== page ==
Paolo Di Canio has always dared to be different. The common behavioural conventions observed by most managers rarely seem applicable to a man who has no inhibitions about sporting sunglasses on the cloudiest day or striding around Sunderland's training ground wearing full camouflage-patterned combat trousers.
This, after all, is an Italian who, while in charge of Swindon, not only welcomed fans to an open day celebrating promotion by leaping on to a specially constructed stage and joining the band Toploader in belting out Dancing in the Moonlight but subsequently spoke openly about his trip to Stonehenge to celebrate the winter solstice.
Past Sunderland managers might have politely declined an invitation to play the pantomime villain at St James' Park on Wednesday night but, undeterred, Di Canio shone for a Milan XI who beat a Newcastle United ensemble in Steve Harper's charity testimonial.
Things are not yet running quite as smoothly 12 miles to the south where the 45-year-old is tackling a much more daunting challenge in similarly bold fashion.
A "revolution" is under way on Wearside where 14 players – 13 of them foreign – have been recruited by the former agent Roberto De Fanti, Sunderland's director of football, and Valentino Angeloni, the chief scout poached from Internazionale this summer. Only five of the new players have Premier League experience.
Such radical change is proving neither painless nor seamless. Although Sunderland's style of play is already significantly more pleasing and progressive, only one point has been taken from three Premier League games. Arsenal's visit on Saturday marks the start of what looks a formidable series of fixtures.
Several pundits have pounced on Di Canio's willingness to criticise players, including his captain, John O'Shea, for mistakes but Di Canio is unapologetic. "I did it at Swindon as well and we won the league," he said. "It's strange this criticism only happens to Paolo Di Canio. Harry Redknapp did many interviews last year and no one asked why he said his team was playing rubbish football.
"My relationship with my players is closer than you think. It means that for me I can point the finger straight away and say, 'For your level, it's rubbish.' If something silly happens behind closed doors, I can punish but I won't put it in the public. But if you don't give stick for public mistakes, they might keep repeating those mistakes."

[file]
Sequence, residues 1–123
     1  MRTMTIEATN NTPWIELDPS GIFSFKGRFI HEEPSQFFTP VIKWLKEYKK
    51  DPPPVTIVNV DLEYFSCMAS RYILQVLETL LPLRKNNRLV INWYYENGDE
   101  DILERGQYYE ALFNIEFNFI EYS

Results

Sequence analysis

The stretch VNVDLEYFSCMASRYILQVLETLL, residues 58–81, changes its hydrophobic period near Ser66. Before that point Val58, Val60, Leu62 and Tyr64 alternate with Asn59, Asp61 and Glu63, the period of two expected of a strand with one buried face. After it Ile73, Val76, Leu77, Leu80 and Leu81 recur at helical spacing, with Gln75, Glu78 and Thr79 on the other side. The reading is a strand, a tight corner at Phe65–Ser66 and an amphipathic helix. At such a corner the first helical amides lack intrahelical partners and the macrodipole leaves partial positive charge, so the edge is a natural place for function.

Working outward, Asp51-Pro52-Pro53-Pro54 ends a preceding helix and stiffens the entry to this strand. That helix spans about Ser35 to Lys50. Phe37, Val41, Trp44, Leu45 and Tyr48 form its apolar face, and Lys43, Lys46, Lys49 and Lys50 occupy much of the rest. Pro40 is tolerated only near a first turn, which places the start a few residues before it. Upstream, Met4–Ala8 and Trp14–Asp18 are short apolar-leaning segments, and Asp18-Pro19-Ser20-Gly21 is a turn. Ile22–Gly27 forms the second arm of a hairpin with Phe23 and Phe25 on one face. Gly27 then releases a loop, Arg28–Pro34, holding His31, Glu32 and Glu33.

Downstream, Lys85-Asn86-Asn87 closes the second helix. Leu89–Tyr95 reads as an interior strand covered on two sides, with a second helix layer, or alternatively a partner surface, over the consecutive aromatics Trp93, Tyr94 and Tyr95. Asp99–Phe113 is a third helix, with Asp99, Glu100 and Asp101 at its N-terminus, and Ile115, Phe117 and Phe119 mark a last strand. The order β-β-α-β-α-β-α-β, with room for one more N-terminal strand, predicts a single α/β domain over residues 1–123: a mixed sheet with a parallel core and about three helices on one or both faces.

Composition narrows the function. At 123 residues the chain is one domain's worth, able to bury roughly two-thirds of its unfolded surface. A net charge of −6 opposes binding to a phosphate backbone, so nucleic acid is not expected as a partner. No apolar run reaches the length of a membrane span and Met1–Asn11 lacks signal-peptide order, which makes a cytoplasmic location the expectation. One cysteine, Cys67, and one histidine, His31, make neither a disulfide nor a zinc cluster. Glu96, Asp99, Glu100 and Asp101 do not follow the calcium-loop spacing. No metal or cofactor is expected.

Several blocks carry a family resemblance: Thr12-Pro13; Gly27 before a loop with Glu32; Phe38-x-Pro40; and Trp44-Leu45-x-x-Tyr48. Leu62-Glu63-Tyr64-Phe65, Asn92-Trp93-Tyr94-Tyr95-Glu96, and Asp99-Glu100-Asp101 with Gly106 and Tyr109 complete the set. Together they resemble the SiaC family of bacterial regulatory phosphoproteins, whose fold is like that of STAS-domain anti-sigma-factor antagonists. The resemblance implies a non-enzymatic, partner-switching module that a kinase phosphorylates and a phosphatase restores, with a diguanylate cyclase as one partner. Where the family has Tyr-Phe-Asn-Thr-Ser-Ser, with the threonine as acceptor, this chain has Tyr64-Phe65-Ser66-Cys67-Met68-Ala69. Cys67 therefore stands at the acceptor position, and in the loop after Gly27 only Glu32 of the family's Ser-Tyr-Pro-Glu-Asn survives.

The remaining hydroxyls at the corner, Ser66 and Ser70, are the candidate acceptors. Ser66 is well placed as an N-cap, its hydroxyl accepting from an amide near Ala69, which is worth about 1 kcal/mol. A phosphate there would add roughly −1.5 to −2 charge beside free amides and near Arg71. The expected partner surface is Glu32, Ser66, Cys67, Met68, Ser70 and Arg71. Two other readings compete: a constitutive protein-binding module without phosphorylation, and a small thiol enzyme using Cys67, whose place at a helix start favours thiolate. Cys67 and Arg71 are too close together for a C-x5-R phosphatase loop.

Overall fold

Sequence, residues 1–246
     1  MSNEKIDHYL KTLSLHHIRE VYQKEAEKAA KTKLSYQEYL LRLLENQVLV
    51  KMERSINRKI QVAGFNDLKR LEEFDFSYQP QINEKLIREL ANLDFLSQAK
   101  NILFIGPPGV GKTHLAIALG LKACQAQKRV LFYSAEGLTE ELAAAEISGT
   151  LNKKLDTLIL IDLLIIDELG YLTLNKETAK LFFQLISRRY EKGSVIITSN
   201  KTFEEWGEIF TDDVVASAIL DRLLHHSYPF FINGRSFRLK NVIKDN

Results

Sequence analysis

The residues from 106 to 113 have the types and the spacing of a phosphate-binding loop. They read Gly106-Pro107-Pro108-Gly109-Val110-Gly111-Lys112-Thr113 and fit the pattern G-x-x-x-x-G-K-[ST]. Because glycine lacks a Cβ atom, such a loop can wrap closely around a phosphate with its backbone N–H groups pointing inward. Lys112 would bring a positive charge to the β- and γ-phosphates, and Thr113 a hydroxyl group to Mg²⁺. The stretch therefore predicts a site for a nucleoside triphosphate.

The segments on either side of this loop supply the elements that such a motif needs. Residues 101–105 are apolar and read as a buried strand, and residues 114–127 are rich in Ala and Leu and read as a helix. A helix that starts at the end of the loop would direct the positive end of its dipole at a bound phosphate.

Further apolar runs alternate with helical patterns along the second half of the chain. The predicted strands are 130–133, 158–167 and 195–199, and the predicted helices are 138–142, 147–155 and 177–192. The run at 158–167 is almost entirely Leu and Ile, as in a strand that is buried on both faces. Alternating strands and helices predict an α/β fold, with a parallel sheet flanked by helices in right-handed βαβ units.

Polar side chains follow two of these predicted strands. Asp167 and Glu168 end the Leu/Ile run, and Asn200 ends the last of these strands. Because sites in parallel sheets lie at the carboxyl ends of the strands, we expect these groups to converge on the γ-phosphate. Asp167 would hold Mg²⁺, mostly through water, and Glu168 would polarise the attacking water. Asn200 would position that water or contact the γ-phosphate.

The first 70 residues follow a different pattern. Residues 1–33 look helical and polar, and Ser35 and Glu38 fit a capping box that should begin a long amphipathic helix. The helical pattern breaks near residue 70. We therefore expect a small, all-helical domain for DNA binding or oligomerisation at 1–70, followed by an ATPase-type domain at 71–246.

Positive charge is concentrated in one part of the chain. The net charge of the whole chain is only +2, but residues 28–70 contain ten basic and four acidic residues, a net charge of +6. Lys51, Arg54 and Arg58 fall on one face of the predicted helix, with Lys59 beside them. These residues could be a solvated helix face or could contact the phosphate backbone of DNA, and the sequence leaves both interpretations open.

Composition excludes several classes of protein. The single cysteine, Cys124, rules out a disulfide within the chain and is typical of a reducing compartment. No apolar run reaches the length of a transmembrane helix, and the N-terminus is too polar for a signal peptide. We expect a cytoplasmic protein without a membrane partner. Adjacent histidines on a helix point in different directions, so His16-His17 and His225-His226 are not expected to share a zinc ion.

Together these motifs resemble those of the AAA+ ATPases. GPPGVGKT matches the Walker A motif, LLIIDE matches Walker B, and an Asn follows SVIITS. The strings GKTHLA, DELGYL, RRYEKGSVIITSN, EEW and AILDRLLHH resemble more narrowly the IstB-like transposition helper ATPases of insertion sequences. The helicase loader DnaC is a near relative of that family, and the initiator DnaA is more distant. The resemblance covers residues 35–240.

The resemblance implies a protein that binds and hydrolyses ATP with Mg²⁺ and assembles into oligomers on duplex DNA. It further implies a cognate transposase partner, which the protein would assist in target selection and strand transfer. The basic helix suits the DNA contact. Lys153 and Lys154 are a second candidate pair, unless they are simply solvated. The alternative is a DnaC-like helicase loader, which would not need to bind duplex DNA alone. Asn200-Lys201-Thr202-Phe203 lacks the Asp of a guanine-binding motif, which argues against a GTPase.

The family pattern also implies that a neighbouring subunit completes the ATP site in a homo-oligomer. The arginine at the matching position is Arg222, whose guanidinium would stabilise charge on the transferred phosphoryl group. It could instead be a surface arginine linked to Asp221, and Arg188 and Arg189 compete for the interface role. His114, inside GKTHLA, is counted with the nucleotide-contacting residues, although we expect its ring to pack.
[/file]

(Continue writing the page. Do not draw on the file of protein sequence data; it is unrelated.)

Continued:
Warming to his theme Di Canio brandished a transcript of a management lecture given by Sir Alex Ferguson at Harvard business school. "Ferguson point number one. Never, ever cede control. The common theory is that if you upset big egos you have problems. Egos need a stick. They need a slap. If 11 egos have a very weak manager you sink and sink and sink.
"You can't be passive about it; you have to fight it. To do this costs something. You upset people. They have to become stronger. You have to have a meritocracy. The club have to back their manager. Players should not have power. If they feel they are stronger than the manager, the manager is finished. And also the plan might be finished."
Sunderland's plan is to identify realistically priced players of exciting potential and leave Di Canio to mould them into a fluent passing unit full of movement, width and willingness to build from the back.
This summer's haul includes established talent (the Italy winger Emanuel Giaccherini signed from Juventus), raw promise (the United States striker Jozy Altidore bought from AZ Alkmaar) and educated gambles (Cabral, the former Basel midfielder).
At Swindon Di Canio earned a reputation as a highly accomplished coach and tactician and even arch critics, such as the former Sunderland defender Titus Bramble, agree he is a gifted training ground educator. Yet integrating so many newcomers at once is difficult. Much hinges on how quickly the tactic of asking players to share rooms on away trips improves the squad's overall cohesion and command of English.
At least Ellis Short, Sunderland's owner, knows his manager is not easily deterred. This was emphasised when, after agreeing to run a charity 2km race in Swindon Di Canio took a wrong turn and ended up completing a half marathon by mistake.
"I never stopped running, not even for one second," he said. "I couldn't stop. There was a challenge."